Morse Code on GMRS

So I was way out in the boonies over the weekend and heard a single transmission in Morse Code on Channel 17.
I can’t interpret Morse Code so I’m totally clueless what it was. Who uses Morse Code on GMRS and why?

Some ham and GMRS repeaters periodically transmit an ID in CW (Morse Code), so it is possible that was what you received.

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Is there a way to transmit my id in (CW) on gmrs?

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You are allowed to transmit your call sign in International Morse Code on a handheld or mobile GMRS radio, but I’ve never done it and I don’t know anyone personally who does. GMRS is intended for voice communications, not code, and is not a “hobby” service like ham radio. Repeaters do it because they are built for it, but most, if not all consumer GMRS transceivers are not.


Can you explain the “not a ‘hobby’” aspect of this? It’s curious that GMRS requires a license, while CB does not, and therefore is like Ham in that respect. I know what I use my gmrs for, but I’m still not clear on what it was envisioned to be fore.

Amateur radio is a hobby, and the service is designed to accommodate that. Hams use it for DXing contests, data transmissions, emergency backup communications, slow scan picture and television transmissions, home radio builds, and general experimentation with radio related technologies. It’s hobby stuff.

GMRS, on the other hand, has a completely different purpose. GMRS stands for General Mobile Radio Service, and means exactly that. It was created for general use by the public for personal voice to voice communications. Some groups may consider their use of GMRS as a hobby, but that’s not really what it’s for. It’s intended for families and individuals to communicate with each other for normal, ordinary, day-to-day tasks or activities, like you would on a telephone.

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CB used to require a license. GMRS was originally aimed at individuals and businesses who needed nationwide license coverage (regular commercial licensing is for a given area). This is why some of the now “legacy” group licenses belong to companies such a American Airlines, Delta, etc. The FCC did away with group licensing and eased up on itinerant licensing qualifications in commercial radio service.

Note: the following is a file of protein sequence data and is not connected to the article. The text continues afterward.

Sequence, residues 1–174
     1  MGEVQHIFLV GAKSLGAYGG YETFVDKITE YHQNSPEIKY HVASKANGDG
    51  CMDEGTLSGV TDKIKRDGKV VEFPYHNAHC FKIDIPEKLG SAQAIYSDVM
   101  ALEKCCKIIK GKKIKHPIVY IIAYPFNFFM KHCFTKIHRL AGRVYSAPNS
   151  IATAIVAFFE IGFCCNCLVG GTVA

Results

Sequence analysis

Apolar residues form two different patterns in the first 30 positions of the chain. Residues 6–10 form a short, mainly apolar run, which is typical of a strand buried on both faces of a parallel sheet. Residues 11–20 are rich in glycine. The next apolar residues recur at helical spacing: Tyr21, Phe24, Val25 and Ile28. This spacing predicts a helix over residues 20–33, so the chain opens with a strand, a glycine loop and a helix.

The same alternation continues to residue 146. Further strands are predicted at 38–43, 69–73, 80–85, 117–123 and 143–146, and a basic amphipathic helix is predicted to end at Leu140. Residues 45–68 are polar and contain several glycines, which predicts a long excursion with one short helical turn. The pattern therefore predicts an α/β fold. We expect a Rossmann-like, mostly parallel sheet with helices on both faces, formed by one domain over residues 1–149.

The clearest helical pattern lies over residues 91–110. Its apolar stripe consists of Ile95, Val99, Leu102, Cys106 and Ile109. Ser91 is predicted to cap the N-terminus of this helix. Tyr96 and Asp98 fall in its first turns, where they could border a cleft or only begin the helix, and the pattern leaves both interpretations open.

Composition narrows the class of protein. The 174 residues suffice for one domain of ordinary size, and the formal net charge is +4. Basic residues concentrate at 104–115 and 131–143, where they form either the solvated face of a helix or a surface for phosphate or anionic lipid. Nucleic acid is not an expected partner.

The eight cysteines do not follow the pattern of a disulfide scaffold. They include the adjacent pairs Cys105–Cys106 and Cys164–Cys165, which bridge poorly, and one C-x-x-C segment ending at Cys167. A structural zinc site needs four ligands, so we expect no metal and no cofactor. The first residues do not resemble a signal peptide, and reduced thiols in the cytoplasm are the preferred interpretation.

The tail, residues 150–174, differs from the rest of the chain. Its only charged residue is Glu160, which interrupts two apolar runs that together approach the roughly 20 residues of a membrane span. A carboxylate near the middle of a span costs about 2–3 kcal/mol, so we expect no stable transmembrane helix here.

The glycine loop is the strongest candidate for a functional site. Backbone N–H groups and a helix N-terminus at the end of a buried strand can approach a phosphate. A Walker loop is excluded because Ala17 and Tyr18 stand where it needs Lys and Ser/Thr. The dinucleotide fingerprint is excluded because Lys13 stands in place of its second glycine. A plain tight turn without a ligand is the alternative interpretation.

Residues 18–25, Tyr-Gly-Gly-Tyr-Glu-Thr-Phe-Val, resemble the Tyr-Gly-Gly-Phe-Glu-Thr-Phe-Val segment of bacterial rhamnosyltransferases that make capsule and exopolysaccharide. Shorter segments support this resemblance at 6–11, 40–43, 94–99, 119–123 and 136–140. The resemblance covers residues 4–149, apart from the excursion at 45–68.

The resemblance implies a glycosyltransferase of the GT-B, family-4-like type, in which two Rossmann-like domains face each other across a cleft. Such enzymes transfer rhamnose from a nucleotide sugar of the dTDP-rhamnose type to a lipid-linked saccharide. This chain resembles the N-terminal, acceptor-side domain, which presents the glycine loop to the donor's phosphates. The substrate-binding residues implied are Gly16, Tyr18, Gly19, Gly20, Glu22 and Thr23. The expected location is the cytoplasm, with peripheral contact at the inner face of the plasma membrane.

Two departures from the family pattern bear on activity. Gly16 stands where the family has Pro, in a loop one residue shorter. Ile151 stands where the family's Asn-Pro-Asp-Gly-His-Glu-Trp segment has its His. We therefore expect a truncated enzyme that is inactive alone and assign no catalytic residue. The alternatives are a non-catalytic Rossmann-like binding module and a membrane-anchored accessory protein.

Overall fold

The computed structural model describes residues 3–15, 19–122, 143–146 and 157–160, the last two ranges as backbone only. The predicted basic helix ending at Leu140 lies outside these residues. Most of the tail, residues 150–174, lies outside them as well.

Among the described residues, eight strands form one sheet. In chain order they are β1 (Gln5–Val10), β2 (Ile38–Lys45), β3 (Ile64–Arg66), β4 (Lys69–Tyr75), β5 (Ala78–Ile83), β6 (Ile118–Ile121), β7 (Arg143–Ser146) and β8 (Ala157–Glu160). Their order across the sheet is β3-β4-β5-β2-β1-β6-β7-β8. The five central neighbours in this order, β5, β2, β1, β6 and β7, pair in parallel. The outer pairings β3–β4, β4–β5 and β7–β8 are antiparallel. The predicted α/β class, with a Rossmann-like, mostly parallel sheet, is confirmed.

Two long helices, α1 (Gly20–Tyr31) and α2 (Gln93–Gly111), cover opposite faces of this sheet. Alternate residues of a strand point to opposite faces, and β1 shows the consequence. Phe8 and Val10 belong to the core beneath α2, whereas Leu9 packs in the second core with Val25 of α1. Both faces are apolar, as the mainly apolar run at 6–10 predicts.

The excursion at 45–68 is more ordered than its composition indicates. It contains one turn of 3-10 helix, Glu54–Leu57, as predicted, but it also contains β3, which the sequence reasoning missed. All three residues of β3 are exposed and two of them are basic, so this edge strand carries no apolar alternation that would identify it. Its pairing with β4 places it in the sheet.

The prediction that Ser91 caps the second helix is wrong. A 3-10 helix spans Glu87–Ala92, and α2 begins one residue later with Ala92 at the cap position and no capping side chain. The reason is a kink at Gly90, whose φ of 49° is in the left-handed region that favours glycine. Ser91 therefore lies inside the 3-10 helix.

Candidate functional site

For record most FCC rules state systems can ID either via voice, morse ID or even some predefined digital ID.

I agree 100% with the replies.
CW - what you call Morse Code, but actually ham radio uses International Morse Code - which is different than telegraphers Morse code - like what you see on an old western movies with telephone poles and batteries and a key on a desk.
The reason why YOU can’t do morse code on GMRS is because your radio is FM - Frequency Modulation.
Morse Code - CW - Ham Radio, uses a form of Amplitude Modulation where the key turns on and off the transmitter carrier in such a way that it produces a tone. The receiver on the other end receives the tone. The user uses their ears to hear the tone and decipher it into letters and numbers and punctuation etc.
The benefit to using cw is that it is more efficient, because the signal it produces is very narrow and it funnels all the transmitted power into that tone. SSB - Single Side Band, where you basically suppress one of the side bands and maybe even the carrier is a phone version of Amplitude Modulation. Single Side Band is more efficient.

Amplitude Modulation - the transmitter produces a carrier and two side bands. The receiver only uses one of the side bands, throws the other away. The carrier robs half or more of the power produces, yet it does no work. So its wasted power.

so you see, GMRS is a economical way for a person with no knowledge of radio or how it works to communicate locally, while Ham Radio is a more expensive version of radio both in terms of knowledge, time invested in learning the theory and taking multiple exams to obtain the licenses necessary to gain the privileges you desire. And the equipment, since most good amateur radio HF equipment would probably put you back $1500 or more, by the time you bought the radio, power supply, antenna, swr meter, dummy load, speaker, tower, coax, extra microphones and all other peripheral devices hams uses today , even computers used to communicate digitally with other hams all over the world. You can easily spend $8000 just on a good HF transceiver, $5,000 just on an entry level beam antenna set up.

If this sounds appealing to you, maybe you ought to look closer to amateur radio than GMRS, maybe you would make a good ham.